This barely qualifies as a Smashing Pumpkins album, since it's only Billy Corgan and drummer Jimmy Chamberlin. However, since Corgan pretty much was the band, he can feel free to slap the Pumpkins label on anything he wants.
Calling an album Zeitgeist is pretty ballsy, especially since the only zeitgeist Corgan captures is modern rock's tendency to loud power chords and a lack of emotion. The passion and musicianship that fueled the best Pumpkins songs seems to have taken a backseat to noise. The layers and layers of guitar, the occasional synthesizer, the length of the songs...very little is able to rise above the haze to stand out. Melody? Nah.
But a few gems are present and well worth seeking out for Pumpkins fans, or anyone who happens to come across them on Pandora. Chief among them is the single "Tarantula," a decent rock song with some pretty good guitar soloing. Also worth noting is the icy "Bleeding the Orchid" and the otherworldly "For God and Country," a slow burner that takes time to grow but is worth it with repeated listens.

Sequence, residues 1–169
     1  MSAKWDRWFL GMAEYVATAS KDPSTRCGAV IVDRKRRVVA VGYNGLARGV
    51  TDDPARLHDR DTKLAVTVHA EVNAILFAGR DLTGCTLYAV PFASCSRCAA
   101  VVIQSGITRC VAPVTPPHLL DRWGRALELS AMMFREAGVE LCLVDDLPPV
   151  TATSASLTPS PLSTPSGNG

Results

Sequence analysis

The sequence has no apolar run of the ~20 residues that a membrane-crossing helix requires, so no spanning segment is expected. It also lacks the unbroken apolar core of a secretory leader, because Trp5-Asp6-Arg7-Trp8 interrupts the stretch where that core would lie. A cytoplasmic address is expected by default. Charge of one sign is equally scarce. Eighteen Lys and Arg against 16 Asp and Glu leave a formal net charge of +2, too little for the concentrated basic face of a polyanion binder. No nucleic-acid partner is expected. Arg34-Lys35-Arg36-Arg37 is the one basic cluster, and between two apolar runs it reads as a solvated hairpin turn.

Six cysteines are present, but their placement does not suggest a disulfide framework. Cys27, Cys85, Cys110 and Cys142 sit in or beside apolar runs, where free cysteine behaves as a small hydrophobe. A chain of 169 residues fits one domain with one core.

All Pumpkins albums need a song at least eight minutes long, and this one's is "United States," which is a showcase for Chamberlin's drumming and an amazing array of guitar pyrotechnics from Corgan. It's nearly apocalyptic, especially on lines like "Freedom shines a light ahead / I'll lead the last charge from my bed / They said my last rites / I don't have to run scared no more / Fight!".
But then it's back to business as usual. A solid two-thirds of the songs are devoid of personality and overproduced, a far cry from the beauty and melody of old. I'm all for artists evolving, but this isn't evolution...it's a computerized collection of sounds, piled and layered, then sold with the Pumpkins name so as to attract fans.
The four songs mentioned are worth hearing but not worth paying for the whole disc, and Chamberlin bolted soon after, giving Corgan the chance to hire a new band and begin recording some more bad music. Seek out the tunes mentioned above and give the rest a wide berth, unless you're the sort of hardcore fan who needs to hear Corgan's every overprocessed guitar note.